Today the government of the Canadian province of Quebec released its proposed charter of Quebec values. “The minister in charge of the charter, Bernard Drainville, announced … that if the charter were adopted by the legislature, the wearing of kippas, turbans, burkas, hijabs and "large" crosses would be banned for civil servants while they are on the job.” (Images of acceptable and unacceptable religious symbols) The Canadian federal government indicated that it would “challenge any law that [it] deem[s] unconstitutional.”
Touted as the cure for what ails public education, charter schools have historical roots that are rarely discussed. [more inside]
Will Canada be the first developed nation to decriminalise Polygamy? After Charter challenges legalised orgies, prostitution (most recently "living off the avails"), same-sex marriages, non-sexual adult interdependent relationships, common-law marraiges and multiple legally recognised spouses in Saskatchewan, the West Coast is now hosting a unique reference case in B.C.'s superior court considering whether section 293 of the Canadian Criminal Code is legal under the Charter of Rights and Freedoms. [more inside]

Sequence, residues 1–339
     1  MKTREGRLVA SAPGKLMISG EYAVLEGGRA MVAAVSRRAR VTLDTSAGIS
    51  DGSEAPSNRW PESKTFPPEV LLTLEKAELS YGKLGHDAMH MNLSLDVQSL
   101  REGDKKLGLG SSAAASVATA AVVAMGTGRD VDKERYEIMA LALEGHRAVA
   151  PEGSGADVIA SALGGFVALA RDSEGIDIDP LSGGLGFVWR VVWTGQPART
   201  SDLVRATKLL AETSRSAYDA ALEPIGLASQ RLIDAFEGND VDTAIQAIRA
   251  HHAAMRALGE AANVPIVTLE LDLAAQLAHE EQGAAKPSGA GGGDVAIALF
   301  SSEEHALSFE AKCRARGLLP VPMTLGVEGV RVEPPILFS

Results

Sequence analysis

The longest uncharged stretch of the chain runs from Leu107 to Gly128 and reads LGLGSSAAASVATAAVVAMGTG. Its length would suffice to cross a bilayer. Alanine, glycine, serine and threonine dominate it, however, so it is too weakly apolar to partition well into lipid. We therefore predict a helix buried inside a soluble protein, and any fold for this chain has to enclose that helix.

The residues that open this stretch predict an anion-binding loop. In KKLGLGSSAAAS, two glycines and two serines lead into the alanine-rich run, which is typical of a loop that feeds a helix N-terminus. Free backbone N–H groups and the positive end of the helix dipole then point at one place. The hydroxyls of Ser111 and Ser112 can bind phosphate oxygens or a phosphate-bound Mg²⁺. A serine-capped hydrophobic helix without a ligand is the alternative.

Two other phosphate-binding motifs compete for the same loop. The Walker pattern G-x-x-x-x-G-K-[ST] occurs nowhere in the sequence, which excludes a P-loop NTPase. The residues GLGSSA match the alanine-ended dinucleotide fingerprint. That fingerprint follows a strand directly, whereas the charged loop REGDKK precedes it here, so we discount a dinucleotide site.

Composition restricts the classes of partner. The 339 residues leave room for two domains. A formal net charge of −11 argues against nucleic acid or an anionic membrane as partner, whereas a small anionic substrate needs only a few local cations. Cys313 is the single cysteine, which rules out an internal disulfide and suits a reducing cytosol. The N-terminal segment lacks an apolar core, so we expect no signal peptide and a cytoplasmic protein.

Part of anti-terroism act ruled unconstitutional in Canada on the grounds that defining a motive as a crime contravenes the Charter of Rights and Freedoms. Two days ago, the same court struck down a related official secrets law after the RCMP used it to search the house of a reporter investigating the Maher Arar torture scandal. The act itself was the subject of a rare Senatorial rebuke in 2001 which blocked a number of other dangerous sections. Five years on, are we ready to take a more measured approach to combatting terrorism?
Today is the 20th anniversary of the Canadian Charter of Rights and Freedoms. The CBC discusses the history briefly here; more importantly, how has the Charter affected Canadians? Are we better off for waiting 115 years? Or will it have any lasting, practical effect after all?